L'imitation de Notre-Dame la lune 1886
Les derniers vers de Jules Laforgue 1890
Poems of Jules Laforgue 1958
Other Major Works
Le concile féerique (verse drama) 1886
Moralités légendaires (short stories) 1887
[Moral Tales, 1928]
*Oeuvres complètes. 3 vols. (poetry, verse drama, short stories, essays, and letters) 1901-03
Lettres à un ami: 1880-1886 (letters) 1941
Selected Writings of Jules Laforgue (poetry, short stories, essays, letters, and sketches) 1956
*This work includes Le sanglot de la terre, Pierrot fumiste, and Mélanges posthumes.
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SOURCE: "Jules Laforgue," in Forty Immortals, Joseph Lawren, 1926, pp. 159-62.
[In the following essay, De Casseres records his impressions of Laforgue as an artist.]
Jules Laforgue, Frenchman, who died at twenty-seven, left three volumes—a book of poems, a book of legendary moralities and a book of epigrams and meditations.
Three great poets of modern times have left for us in their work mirrors of the beauty that is ghastly—Edgar Allan Poe, Charles Baudelaire and Jules Laforgue. The beauty of the ghastly—whence comes it? In the poems of Laforgue one is in the midst of death and in the midst of life at once. The ghastly, the cynical, the Ideal and Absolute make up the monstrous arabesque of his nature. Moored to the wharf of the flesh, the sails of his spirit strain with breezes from the Open. What Open? The Cimmerian Open of the Néant or the light-blasting Open of a boreal Absolute?
Down the spine of the gods themselves there runs a chill at the reading of his poems and satires. And yet from them drifts a beauty, nameless and unconsecrated, ethereal and super-Chopinesque.
This unshriven Dante, whose moods were the rungs to his secret hell, was touched with moonmadness. He was an immigrant from the moon. He was moon-botanist. He tells us of its flora, its fauna, its metaphysical opalescence, its incandescent and stalactitic marvels, its...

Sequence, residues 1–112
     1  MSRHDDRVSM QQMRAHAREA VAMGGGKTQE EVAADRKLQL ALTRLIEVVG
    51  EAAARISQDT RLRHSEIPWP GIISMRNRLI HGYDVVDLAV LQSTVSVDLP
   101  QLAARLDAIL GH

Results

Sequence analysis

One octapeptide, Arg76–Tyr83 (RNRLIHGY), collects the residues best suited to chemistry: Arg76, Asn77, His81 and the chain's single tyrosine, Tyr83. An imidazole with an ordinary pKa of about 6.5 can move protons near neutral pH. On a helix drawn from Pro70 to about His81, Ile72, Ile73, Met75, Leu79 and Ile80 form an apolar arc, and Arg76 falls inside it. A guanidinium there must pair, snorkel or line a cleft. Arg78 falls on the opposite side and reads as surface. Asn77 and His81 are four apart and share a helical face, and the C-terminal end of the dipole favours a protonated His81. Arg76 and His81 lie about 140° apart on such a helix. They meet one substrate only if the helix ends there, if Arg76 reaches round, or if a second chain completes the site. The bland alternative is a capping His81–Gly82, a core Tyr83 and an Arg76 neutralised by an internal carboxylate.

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SOURCE: "The Poetry of Jules Laforgue," in Scrutiny, Vol. V, No. 2, September, 1936, pp. 128-49.
[In the following essay, Turnell examines Laforgue poetic method, primarily through an analysis of his Dernier vers and a comparison of his poetry to that of Charles Baudelaire.]
Je songe à une poésie qui serait de la psychologie dans une forme de rêve, avec des fleurs, du vent, des senteurs, d'inextricables symphonies avec une phrase (un sujet) mélodique dont le dessin reparaît de temps en temps.
J.L. in a letter to Charles Henry, December, 1881.
The influence of Laforgue on modem poetry has been decisive. In the ordinary way it is a mistake to distinguish too sharply between the influence of a writer's outlook and the influence of his style or, as I should prefer to call it, his method. In the case of Laforgue, however, some sort of distinction between the two is necessary. I think the point can be illustrated by a comparison between Mr. Pound and Mr. Eliot. It seems to me that Laforgue's influence on Mr. Pound has been almost exclusively of the first, and his most lasting influence on Mr. Eliot of the second kind. It is Mr. Pound's limitation that his best work is sometimes no more than the mature expression of Laforgue's outlook—the mature expression of an outlook that was...